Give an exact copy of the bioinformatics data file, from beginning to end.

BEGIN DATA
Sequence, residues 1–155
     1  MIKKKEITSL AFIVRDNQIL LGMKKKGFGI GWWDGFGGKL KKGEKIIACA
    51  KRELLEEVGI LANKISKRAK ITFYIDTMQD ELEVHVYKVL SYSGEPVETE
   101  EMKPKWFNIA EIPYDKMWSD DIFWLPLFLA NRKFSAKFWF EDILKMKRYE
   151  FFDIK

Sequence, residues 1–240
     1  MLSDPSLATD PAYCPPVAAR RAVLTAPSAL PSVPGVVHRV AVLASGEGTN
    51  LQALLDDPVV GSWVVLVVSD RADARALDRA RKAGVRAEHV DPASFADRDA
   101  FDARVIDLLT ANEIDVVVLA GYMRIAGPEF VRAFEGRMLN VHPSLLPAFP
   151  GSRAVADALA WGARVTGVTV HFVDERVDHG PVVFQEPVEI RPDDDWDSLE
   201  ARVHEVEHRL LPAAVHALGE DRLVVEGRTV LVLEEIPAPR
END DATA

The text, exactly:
Sequence, residues 1–155
     1  MIKKKEITSL AFIVRDNQIL LGMKKKGFGI GWWDGFGGKL KKGEKIIACA
    51  KRELLEEVGI LANKISKRAK ITFYIDTMQD ELEVHVYKVL SYSGEPVETE
   101  EMKPKWFNIA EIPYDKMWSD DIFWLPLFLA NRKFSAKFWF EDILKMKRYE
   151  FFDIK

Sequence, residues 1–240
     1  MLSDPSLATD PAYCPPVAAR RAVLTAPSAL PSVPGVVHRV AVLASGEGTN
    51  LQALLDDPVV GSWVVLVVSD RADARALDRA RKAGVRAEHV DPASFADRDA
   101  FDARVIDLLT ANEIDVVVLA GYMRIAGPEF VRAFEGRMLN VHPSLLPAFP
   151  GSRAVADALA WGARVTGVTV HFVDERVDHG PVVFQEPVEI RPDDDWDSLE
   201  ARVHEVEHRL LPAAVHALGE DRLVVEGRTV LVLEEIPAPR